UK Employment Law
UK Employment Law Questions Answered by Verified Experts
Hello, my name is Ben and it is my pleasure to assist you with your question today.Before proceeding please note that as I am a practising solicitor, I am often in and out of meetings, travelling between clients or even at court when I pick your question up. This may even occur at weekends. Therefore, I apologise in advance but there may be a delay in getting back to you and providing my advice. Please be patient and I will respond as soon as I can. You do not have to wait here and you will receive an email when I have responded. For now please let me know what is the nature of your illness?
Thank you for your patience. Dismissing an employee due to their sickness record or because they are not capable to perform their job is a potentially fair reason for dismissal under the Employment Rights Act 1996. However, to justify it as being fair the employer needs to follow a fair procedure.
First and foremost the employer needs to comply with any workplace sickness or absence procedures and policies.
They need to conduct an investigation, which would involve:
The employer then needs to review the alternatives:
Dismissal should always be the last resort, considering the courts may have sympathy with employees who have been ill, especially if the reason for their absences is a condition that amounts to a disability under law.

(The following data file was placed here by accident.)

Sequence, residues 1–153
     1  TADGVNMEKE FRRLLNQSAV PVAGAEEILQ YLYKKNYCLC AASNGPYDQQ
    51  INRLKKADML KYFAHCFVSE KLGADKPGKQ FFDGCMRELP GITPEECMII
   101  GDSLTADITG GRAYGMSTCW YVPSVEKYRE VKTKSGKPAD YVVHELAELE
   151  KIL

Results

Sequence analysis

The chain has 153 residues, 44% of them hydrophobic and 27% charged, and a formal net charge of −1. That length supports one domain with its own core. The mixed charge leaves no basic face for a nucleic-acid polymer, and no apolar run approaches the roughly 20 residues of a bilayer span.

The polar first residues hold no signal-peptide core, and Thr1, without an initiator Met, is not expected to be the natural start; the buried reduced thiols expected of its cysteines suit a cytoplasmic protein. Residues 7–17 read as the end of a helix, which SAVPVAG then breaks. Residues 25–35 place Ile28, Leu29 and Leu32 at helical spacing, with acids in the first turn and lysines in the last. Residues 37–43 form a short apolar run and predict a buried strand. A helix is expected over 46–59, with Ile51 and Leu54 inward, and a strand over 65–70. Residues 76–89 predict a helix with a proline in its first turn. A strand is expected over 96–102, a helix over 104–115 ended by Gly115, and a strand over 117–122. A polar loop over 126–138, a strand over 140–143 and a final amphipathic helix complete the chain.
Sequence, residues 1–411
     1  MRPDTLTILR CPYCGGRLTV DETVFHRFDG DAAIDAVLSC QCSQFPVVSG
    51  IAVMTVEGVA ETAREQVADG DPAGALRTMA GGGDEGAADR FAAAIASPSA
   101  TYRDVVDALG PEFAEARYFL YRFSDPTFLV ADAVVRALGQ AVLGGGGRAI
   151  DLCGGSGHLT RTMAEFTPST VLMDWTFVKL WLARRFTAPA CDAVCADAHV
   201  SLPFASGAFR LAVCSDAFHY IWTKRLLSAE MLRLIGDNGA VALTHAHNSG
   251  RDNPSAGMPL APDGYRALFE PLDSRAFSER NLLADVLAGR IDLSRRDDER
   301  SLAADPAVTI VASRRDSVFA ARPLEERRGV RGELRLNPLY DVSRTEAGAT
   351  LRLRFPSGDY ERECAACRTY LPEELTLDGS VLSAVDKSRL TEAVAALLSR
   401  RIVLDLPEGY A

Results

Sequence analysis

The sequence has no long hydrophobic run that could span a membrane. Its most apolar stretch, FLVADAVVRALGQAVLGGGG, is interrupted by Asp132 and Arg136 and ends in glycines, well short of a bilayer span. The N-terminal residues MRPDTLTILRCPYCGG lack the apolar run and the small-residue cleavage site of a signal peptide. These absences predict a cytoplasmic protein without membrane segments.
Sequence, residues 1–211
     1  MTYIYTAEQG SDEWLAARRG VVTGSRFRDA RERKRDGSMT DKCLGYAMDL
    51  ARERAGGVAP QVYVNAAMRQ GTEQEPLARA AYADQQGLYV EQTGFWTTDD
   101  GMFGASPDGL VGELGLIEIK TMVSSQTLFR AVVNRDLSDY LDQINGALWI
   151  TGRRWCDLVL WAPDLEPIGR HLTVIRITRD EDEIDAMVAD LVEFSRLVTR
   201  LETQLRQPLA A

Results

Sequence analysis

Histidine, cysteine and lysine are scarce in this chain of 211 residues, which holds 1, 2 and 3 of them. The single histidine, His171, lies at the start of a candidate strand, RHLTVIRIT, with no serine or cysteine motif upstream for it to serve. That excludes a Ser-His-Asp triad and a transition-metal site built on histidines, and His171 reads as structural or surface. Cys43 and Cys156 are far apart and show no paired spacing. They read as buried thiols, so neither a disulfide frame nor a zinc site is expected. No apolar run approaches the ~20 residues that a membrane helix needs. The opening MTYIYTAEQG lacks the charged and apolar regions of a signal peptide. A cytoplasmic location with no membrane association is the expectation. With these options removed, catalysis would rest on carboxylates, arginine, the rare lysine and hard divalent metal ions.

In the legal sense of the word, disability can have a broad meaning and there is no single list of conditions that qualify. Instead, to establish whether a person is disabled for legal purposes, they need to establish whether they meet the legal definition of ‘disability’.
The Equality Act 2010 (“EA”) defines a disability as a “physical or mental impairment that has a substantial and long-term adverse effect on a person’s ability to carry out normal day-to-day activities”.
I will break this definition down:
If you believe that you are disabled then the employ76er has the duty to make reasonable adjustments to try and assist you as best as they can. In this case a reasonable adjustment could certainly be allowing you to work from home and unless they have a strong and justifiable reason as to why they cannot do so then it is likely that they will be acting unfairly in this situation.
If it appears that the employer has taken a particularly heavy-handed approach and failed to satisfy at least some of the requirements that make such a dismissal fair, the option exists of appealing to them first before submitting a claim for unfair dismissal, subject to having at least 2 years' continuous service (and possible disability discrimination if the condition in question amounts to a disability) in an employment tribunal.
I would be grateful if you could please take a second to leave a positive rating - your question will not close and I can continue providing further advice if necessary. Thank you
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